In between these training days we hold a half-termly MH & WB network meet up to develop working relationships and share resources / best practice across our partnerships. Our next opportunity is on April 23rd and you can book to attend here. To find our more please connect with Lucinda Powell is co-leading the network with me.

We are also using some of the funding to run a Bridging Project pilot supporting Year 6 students through the anxiety of SATs and transitioning to secondary school by training 2 adults in each school to use mindfulness techniques and yoga to help them manage their emotions and reduce stress. More to follow on this one!

For those of you who do not know Jonny’s story, this was the second time I had heard him share it but the first time I had met Neil and heard his story that intertwines.  Jonny shares his journey from despair to hope and recovery. A mental diagnosis at primary when he started hearing voices in his head, a personality disorder diagnosis in his teens, exasperated by  his religion (brought up a Jew) and his sexuality Jonny has struggled with mental ill health for most of his life.

He sets the scenes and takes us to the point when he went to a bridge in London and prepared to commit suicide.

jonny 1

Enter Neil, not Mike. A commuter on his morning route to work. Their story is the power of human connectivity. Two  strangers on a bridge who in a sliding doors moment may not have crossed paths. A commuter who stopped to help a man in distress. Neil reached out to a stranger in an altruistic act of kindness. He saw him. He emotionally reached out to him by starting a conversation. He held the space for him to feel safe. To feel like there was a reason to live.

Jonny didn’t jump. The police arrived (how he was treated by them is another story). Neil went to work and continued on with his life. A parallel life to Jonny who was on a journey of recovery. A random act of kindness that saved a man’s life.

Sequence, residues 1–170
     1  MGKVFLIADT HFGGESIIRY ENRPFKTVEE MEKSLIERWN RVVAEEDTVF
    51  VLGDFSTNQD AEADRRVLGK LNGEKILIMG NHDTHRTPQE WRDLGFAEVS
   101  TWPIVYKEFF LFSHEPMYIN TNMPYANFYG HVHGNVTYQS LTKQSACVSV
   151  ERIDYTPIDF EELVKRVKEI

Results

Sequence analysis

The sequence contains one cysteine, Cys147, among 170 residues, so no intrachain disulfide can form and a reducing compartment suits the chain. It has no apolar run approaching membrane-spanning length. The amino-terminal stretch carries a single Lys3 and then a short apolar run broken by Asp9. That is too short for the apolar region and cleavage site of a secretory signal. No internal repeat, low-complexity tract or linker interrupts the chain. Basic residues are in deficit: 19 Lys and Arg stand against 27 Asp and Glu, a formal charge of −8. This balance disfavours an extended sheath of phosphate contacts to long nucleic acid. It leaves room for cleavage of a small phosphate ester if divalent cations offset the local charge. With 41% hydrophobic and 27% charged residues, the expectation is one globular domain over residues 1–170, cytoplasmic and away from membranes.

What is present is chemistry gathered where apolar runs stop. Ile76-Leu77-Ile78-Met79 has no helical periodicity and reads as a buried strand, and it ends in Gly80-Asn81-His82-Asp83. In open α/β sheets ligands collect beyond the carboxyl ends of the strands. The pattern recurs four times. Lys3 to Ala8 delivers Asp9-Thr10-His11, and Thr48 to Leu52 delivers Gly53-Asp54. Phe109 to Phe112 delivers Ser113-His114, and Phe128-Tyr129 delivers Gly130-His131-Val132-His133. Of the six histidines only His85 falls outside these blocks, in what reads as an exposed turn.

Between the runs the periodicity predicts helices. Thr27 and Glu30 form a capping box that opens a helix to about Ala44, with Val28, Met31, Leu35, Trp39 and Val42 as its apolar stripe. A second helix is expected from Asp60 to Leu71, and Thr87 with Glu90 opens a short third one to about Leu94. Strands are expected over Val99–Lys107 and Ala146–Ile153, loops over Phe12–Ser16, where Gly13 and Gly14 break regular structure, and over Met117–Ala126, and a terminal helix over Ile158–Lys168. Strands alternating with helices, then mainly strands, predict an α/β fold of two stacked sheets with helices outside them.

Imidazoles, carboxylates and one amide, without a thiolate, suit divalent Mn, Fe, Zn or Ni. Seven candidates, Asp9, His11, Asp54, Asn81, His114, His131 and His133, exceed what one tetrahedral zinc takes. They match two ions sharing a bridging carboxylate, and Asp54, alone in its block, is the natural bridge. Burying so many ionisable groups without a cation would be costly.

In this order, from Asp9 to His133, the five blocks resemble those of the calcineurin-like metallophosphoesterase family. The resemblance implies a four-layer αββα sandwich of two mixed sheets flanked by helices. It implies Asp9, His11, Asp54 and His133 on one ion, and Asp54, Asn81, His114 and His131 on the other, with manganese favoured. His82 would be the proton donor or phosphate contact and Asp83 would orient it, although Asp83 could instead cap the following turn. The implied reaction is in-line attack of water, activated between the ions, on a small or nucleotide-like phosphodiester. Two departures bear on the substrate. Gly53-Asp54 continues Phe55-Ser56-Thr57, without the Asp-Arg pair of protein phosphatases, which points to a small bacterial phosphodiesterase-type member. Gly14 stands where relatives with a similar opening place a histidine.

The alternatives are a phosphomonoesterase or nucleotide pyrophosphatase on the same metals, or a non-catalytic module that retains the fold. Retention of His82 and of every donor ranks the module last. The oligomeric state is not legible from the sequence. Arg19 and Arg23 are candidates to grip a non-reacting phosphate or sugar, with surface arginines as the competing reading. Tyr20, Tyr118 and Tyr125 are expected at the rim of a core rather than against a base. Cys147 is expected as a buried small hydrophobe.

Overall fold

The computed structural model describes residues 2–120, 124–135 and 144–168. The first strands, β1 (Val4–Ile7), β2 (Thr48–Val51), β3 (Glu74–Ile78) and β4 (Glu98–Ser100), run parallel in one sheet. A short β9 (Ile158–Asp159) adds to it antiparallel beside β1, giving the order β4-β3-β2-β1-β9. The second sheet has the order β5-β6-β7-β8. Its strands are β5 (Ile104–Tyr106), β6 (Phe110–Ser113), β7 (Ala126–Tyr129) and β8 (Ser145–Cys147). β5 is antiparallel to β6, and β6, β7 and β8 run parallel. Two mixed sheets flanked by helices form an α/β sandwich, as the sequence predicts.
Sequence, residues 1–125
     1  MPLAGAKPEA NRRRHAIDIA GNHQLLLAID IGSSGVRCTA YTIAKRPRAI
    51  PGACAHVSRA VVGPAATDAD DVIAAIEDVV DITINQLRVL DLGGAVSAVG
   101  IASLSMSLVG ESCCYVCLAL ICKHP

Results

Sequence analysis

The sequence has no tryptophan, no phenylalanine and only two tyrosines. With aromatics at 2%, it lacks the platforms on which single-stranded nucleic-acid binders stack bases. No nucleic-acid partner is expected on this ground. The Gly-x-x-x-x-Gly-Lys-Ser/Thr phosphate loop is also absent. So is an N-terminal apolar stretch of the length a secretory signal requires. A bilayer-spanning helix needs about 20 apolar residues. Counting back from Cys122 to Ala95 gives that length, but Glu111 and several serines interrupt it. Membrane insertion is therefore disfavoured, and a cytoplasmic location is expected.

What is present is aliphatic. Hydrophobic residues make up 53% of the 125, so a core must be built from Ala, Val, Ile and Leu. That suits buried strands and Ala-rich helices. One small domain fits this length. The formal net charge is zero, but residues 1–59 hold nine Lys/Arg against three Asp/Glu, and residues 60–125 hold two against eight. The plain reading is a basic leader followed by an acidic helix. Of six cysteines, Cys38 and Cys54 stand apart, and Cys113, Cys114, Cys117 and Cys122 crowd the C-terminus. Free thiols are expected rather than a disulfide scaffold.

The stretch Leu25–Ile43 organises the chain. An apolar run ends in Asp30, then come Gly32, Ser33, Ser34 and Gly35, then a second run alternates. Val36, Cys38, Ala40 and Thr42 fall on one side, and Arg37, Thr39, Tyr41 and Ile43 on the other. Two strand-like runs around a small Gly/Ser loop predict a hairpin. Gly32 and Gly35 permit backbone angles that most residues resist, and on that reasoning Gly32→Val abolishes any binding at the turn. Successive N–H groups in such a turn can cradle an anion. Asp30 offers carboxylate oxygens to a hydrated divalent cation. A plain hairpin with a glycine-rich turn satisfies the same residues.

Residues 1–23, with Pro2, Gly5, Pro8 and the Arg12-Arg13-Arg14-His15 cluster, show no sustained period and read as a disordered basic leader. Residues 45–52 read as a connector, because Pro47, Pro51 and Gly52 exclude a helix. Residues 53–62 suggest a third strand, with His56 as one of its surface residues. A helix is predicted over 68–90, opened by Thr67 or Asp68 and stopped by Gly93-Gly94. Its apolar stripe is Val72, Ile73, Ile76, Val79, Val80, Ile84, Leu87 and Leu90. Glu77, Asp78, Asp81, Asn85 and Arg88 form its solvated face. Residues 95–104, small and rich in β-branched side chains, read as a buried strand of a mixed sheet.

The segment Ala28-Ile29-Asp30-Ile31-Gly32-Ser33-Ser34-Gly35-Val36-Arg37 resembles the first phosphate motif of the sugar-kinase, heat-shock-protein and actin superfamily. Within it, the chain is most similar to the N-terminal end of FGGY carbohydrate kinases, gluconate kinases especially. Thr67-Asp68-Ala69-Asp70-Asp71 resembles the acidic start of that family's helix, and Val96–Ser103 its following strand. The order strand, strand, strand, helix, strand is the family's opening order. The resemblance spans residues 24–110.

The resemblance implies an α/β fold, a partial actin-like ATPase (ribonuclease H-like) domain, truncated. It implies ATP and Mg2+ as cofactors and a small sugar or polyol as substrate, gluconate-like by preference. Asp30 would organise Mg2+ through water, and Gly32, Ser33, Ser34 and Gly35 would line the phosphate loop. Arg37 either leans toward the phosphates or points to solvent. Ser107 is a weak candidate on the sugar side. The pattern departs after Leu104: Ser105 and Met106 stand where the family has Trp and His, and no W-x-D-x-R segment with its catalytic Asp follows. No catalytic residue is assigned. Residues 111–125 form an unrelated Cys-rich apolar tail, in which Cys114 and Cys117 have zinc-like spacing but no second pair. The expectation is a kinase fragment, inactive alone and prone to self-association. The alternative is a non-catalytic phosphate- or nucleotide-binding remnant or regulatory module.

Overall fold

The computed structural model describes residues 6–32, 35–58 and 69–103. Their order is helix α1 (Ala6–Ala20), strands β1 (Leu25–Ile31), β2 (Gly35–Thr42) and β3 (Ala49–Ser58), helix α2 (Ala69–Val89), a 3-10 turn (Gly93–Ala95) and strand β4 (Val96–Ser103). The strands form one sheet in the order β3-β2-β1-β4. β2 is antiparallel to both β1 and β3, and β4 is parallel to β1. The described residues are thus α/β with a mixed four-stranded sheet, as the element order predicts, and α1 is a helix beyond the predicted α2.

The story could have ended there but it didn’t on this occasion. Jonny’s profile in raising awareness about  mental ill health led to a documentary being made and a hunt to #FindMike (he had forgotten Neil’s name!) A viral campaign started and Neil’s girlfriend saw the media call for the Stranger on the Bridge to come forward.

The really sad and scary part of this story. At least 35 men came forward to say that they had also stopped someone from taking their live on a bridge in London on that same date. 35 strangers intervening to prevent the loss of life. 35 humans in crisis, so desperate that suicide was the only option for them.

JONNY 4 Jonny and Neil were reunited and a bromance began. The two of them have a fantastic friendship and have travelled the world sharing their story to help others. The story filled us all with hope. Hope in the human spirit.

It left me reflecting on so many aspects of my life, my family and our school community.  A local secondary school has lost 4 students to suicide in the last few years. I interviewed for a headship where 3 young people had taken their lives in a short period of time. One of the most gifted students I taught in South London, took his life in his undergraduate year. My aunt has tried to overdose on a few occasions.

Human beings are in crisis everywhere around us – relationships and communication are at the forefront of the solution to the problem we see ourselves faced with.

Hannah, The Hopeful Headteacher

Currently feeling hopeful about:

  • Random Acts of Kindness.
  • The power of human connectivity.

Currently reading and thinking about:

Currently feeling grateful for: 

  • Charlie Waller Memorial Trust for funding the MH conference and MHWB network via the STELLA project.
  • Jonny and Neil for joining us to share their journey.
  • Lucinda for volunteering so much of her time to help the regional MH & WB network grow.
  • All of the contributors, the speakers/ exhibitors who all shared their time, experience and expertise for free.
  • My brilliant PA Zoe who helps me keep lots of balls in the air, each and every day!


Values-led Leadership: Moving from Surviving to Thriving

It has been a busy week! I have been to 4 edu-events this week: Ambition School Leadership graduation/ celebration for Teaching Leaders; DFE Diversity and Equalities Roundtable; Diverse Leaders ‘Seizing Opportunities’ day and #SRock18. Each event has connected me with fabulous new educators, made me think and deepened my vision and values for education. I am knackered from the travelling but it has been a great week so I am still buzzing!